Everybody’s business

Alex has been going through the Imperial War Museum Archive looking for material for the exhibition on food and bread.

As the WWI unrolled, people on the home front where being ever more strongly made aware that the war effort was a matter for everyone, regardless of station, and food rationing was fundamental for the success of the soldiers in front.

Everybody’s Business is a 35mm movie from 1917 is a British fictional propaganda film on the importance of the rural upper classes leading the way in the campaign to save.

(Reel 1) “Mr Briton” is a pillar of the community, with a wife and daughter, a cook, a maid and a gardener. His son Tom is with the Army in France and his daughter Mabel is an Inspector of Female Labour in a munitions factory. On Mr Briton’s birthday Tom is coming home on leave bringing Lieutenant Jack Goudron RN, Mabel’s sweetheart. Mrs Briton tells her cook, whose son is also serving in France, to prepare a wartime austerity menu for dinner. She scolds the cook and gardener for throwing away bread, using seed potatoes for eating, and removing too much peel. Meanwhile Mr Keen calls on Mr Briton, asking him to join the local War Committee, but since they are local rivals Mr Briton refuses. When his wife tells him the evening’s menu he orders his cook to change it to a better one. Mrs Briton shows him Lloyd George’s newspaper appeal for food economy. “That’s not meant for people like us” he tells her. That night at dinner Tom tells of successful fighting on the Western Front, Jack of the Royal Navy patrols and Mabel of the munitions workers. The ladies retire, while Jack and Tom leave to smoke in the garden. With Tom’s connivance Mabel joins Jack alone in the garden where he proposes marriage to her. Mr Briton falls asleep in his dining room chair. (Reel 2, which is tinted, mainly in yellow, throughout.) He dreams the war is in its final stage. Despite the Royal Navy’s efforts submarines sink British ships, there is famine and bread queues. Lloyd George and Bonar Law appeal to the people, who sign voluntary food pledges, reduce their bread intake and reform their eating habits. Finally a satisfactory and permanent peace is declared, which is announced as causing riots in Berlin and the collapse of German currency. Mr Briton wakes to find himself cheering the news, with his family around him. He tells his dream. Tom says “well the Army’s right! the Navy’s right! all that’s wanted is for civilians to fall in”. Mr Briton calls Mr Keen and joins his Food Committee. He tells his cook that her wasting food is keeping her son in the trenches. She gives this message to the maid and gardener, insisting on food economy. Mr Keen arrives with food campaign posters to cover the house. Mr Briton signs the food pledge issued by King George to maintain the ration scale. The final scene is HMS Victory riding at anchor with the legend “Britain Expects”.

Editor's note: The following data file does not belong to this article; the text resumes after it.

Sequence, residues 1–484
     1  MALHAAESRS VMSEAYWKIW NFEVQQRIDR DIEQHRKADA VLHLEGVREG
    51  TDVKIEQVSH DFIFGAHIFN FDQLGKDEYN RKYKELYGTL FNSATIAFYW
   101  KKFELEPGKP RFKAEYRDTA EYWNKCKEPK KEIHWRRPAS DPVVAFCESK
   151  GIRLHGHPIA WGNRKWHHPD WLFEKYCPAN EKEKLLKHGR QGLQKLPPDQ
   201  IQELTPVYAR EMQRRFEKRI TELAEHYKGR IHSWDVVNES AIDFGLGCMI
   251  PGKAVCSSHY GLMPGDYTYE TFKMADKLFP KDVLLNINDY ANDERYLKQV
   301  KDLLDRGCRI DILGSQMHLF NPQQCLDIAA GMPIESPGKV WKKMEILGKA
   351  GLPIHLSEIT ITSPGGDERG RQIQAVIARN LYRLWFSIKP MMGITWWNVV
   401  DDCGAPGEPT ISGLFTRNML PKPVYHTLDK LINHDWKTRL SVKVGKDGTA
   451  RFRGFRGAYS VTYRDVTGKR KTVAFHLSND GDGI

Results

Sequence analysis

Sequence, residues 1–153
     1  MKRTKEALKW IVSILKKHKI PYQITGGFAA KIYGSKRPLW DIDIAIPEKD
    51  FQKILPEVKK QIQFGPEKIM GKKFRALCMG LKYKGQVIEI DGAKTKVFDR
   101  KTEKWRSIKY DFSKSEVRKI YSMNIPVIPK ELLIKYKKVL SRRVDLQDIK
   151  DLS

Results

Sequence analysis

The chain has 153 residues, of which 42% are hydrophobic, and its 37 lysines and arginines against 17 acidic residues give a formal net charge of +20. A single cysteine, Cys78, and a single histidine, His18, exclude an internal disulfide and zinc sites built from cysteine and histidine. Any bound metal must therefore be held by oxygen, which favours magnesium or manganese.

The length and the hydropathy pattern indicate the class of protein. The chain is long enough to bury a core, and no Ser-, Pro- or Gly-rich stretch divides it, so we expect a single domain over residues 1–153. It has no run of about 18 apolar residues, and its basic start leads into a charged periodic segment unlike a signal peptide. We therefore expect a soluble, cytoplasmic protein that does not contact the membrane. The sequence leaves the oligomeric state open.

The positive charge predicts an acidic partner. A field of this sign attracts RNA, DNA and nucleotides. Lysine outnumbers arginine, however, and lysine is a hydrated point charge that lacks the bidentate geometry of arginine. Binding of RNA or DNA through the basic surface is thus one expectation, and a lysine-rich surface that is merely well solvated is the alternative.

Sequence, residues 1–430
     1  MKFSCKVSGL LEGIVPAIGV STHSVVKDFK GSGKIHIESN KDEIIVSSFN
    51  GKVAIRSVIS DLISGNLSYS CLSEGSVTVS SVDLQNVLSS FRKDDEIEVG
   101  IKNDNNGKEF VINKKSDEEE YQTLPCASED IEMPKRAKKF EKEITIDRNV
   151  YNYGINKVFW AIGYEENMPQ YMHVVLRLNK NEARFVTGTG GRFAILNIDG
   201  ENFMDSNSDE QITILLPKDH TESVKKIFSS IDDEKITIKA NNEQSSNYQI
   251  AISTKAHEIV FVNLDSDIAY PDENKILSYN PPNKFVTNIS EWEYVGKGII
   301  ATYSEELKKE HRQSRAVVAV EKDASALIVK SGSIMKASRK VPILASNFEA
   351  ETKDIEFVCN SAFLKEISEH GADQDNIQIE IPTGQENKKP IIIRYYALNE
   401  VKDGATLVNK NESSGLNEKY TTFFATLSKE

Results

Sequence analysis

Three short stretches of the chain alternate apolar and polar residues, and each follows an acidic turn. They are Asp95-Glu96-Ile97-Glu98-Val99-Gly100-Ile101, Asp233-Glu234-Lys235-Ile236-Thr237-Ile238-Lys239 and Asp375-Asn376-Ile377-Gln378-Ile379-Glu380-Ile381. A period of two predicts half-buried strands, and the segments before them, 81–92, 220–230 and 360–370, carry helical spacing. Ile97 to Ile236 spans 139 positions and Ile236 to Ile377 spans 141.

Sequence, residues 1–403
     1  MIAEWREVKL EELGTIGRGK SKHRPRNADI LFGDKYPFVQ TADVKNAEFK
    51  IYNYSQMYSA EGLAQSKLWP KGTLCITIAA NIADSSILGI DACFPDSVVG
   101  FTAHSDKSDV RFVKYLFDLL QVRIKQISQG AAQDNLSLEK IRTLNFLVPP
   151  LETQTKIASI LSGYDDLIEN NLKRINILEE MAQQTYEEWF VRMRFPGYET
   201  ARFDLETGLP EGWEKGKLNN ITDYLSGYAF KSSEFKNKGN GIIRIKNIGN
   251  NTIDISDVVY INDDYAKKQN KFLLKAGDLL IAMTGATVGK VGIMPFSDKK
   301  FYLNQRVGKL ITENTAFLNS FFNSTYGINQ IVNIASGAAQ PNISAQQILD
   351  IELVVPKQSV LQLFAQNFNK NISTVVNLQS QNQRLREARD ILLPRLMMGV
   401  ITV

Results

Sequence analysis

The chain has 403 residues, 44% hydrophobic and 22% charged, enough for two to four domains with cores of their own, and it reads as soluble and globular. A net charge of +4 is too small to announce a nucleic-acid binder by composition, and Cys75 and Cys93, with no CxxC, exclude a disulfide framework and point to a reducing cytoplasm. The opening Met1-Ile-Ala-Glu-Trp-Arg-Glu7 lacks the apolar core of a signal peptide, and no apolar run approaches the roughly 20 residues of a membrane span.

Original link

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